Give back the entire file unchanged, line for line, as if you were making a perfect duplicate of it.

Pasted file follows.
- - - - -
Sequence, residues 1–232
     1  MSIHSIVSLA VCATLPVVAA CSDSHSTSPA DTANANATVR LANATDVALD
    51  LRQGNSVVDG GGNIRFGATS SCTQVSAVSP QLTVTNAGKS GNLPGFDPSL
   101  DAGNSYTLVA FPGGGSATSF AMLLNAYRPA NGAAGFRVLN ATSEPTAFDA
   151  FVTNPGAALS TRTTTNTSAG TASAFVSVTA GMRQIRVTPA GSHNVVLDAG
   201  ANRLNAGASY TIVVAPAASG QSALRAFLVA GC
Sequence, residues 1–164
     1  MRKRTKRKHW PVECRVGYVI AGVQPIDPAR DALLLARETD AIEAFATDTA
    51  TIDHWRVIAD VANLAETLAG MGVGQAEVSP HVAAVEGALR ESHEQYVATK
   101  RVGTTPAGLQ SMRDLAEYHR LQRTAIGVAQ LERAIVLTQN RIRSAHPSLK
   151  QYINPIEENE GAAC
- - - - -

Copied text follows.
Sequence, residues 1–232
     1  MSIHSIVSLA VCATLPVVAA CSDSHSTSPA DTANANATVR LANATDVALD
    51  LRQGNSVVDG GGNIRFGATS SCTQVSAVSP QLTVTNAGKS GNLPGFDPSL
   101  DAGNSYTLVA FPGGGSATSF AMLLNAYRPA NGAAGFRVLN ATSEPTAFDA
   151  FVTNPGAALS TRTTTNTSAG TASAFVSVTA GMRQIRVTPA GSHNVVLDAG
   201  ANRLNAGASY TIVVAPAASG QSALRAFLVA GC
Sequence, residues 1–164
     1  MRKRTKRKHW PVECRVGYVI AGVQPIDPAR DALLLARETD AIEAFATDTA
    51  TIDHWRVIAD VANLAETLAG MGVGQAEVSP HVAAVEGALR ESHEQYVATK
   101  RVGTTPAGLQ SMRDLAEYHR LQRTAIGVAQ LERAIVLTQN RIRSAHPSLK
   151  QYINPIEENE GAAC